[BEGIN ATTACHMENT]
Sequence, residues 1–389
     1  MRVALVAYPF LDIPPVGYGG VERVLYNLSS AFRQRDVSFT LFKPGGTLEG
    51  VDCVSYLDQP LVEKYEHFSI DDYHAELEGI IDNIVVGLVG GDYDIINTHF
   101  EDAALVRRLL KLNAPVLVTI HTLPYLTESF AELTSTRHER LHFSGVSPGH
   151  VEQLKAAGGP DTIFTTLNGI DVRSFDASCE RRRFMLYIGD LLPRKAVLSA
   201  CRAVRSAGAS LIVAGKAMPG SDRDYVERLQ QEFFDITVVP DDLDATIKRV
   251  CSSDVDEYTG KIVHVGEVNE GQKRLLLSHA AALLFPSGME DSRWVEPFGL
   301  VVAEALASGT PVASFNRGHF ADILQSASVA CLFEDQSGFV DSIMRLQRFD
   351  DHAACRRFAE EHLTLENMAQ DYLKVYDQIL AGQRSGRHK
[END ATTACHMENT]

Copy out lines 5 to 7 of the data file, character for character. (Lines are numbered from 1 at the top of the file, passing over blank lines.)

   151  VEQLKAAGGP DTIFTTLNGI DVRSFDASCE RRRFMLYIGD LLPRKAVLSA
   201  CRAVRSAGAS LIVAGKAMPG SDRDYVERLQ QEFFDITVVP DDLDATIKRV
   251  CSSDVDEYTG KIVHVGEVNE GQKRLLLSHA AALLFPSGME DSRWVEPFGL